thanks! time to try up the methylfolate then.
     
  4. faith.hope.love

    faith.hope.love Senior Member

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    This has been one thing that makes me question if I really have CFIDS or something else. (But nothing else really fits.) I sleep like a baby. I'm asleep within 5 minutes of hitting the pillow, I sleep soundly for 8 hours every night. I may wake up often due to frequent urination, but I fall back to sleep easily. I wake up without an alarm clock, feeling refreshed and alert. However, I'm tired again within 2-4 hours, and rely on caffeine throughout the day to keep me going. If I don't get enough sleep, I will have a flare by the end of the day. (Flares to me are flu-like symptoms, fevers, canker sores, sore throat, swollen glands, etc.) The more I sleep, the better I feel. If I overexert myself or stay up past my bedtime, I'll get blisters and/or ulcers in my mouth, but they disappear after a full night's sleep. So I consider that "restorative sleep." I'm not sure if that could be explained by CFIDS or not.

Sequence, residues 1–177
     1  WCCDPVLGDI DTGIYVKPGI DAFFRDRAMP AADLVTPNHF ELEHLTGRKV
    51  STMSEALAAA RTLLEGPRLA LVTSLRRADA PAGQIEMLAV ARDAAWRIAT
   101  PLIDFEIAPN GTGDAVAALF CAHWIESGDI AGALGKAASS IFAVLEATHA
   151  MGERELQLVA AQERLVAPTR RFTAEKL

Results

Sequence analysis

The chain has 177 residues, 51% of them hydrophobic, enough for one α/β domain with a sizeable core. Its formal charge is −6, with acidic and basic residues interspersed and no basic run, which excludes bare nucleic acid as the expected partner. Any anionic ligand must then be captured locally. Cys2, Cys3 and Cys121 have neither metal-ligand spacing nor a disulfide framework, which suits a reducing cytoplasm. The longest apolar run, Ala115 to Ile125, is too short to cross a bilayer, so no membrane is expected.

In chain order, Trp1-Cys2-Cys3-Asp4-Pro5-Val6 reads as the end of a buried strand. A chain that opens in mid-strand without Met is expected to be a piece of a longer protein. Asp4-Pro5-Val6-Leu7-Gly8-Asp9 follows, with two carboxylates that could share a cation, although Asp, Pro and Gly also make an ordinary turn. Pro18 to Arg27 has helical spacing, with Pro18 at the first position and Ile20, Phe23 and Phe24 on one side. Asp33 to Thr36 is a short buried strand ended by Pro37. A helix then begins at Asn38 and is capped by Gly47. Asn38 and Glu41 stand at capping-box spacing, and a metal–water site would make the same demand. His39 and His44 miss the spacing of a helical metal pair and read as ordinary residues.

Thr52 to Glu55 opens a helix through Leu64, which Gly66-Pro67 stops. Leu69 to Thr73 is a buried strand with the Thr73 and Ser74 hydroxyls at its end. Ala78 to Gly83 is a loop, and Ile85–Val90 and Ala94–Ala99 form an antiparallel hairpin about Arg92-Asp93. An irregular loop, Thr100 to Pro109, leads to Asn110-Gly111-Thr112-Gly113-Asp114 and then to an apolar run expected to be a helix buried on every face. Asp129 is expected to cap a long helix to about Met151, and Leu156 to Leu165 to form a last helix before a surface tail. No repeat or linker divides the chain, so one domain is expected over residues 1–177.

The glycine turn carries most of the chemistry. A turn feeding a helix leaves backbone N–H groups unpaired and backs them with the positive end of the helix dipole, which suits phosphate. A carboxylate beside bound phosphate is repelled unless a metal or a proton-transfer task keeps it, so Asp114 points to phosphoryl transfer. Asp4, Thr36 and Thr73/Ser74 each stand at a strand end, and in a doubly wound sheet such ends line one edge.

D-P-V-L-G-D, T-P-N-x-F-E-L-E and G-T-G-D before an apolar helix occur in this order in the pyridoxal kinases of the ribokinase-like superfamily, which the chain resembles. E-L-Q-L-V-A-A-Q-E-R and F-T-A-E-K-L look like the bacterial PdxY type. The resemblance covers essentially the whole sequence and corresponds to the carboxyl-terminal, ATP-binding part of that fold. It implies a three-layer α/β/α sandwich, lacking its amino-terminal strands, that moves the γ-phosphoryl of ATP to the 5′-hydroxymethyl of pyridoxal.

5. spit

    spit Senior Member

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    faith.hope.love -- it's possible to have multiple things going on, too, of course. I don't generally have non-restorative sleep, either; I'm usually good for about an hour or two after I wake up. Then it's all downhill. Without my medication, I wind up needing 2 or 3 short naps over the course of the day just to function at all, and still need to go to bed by 9 or 10. I am sleepier than I can express, for much of the day.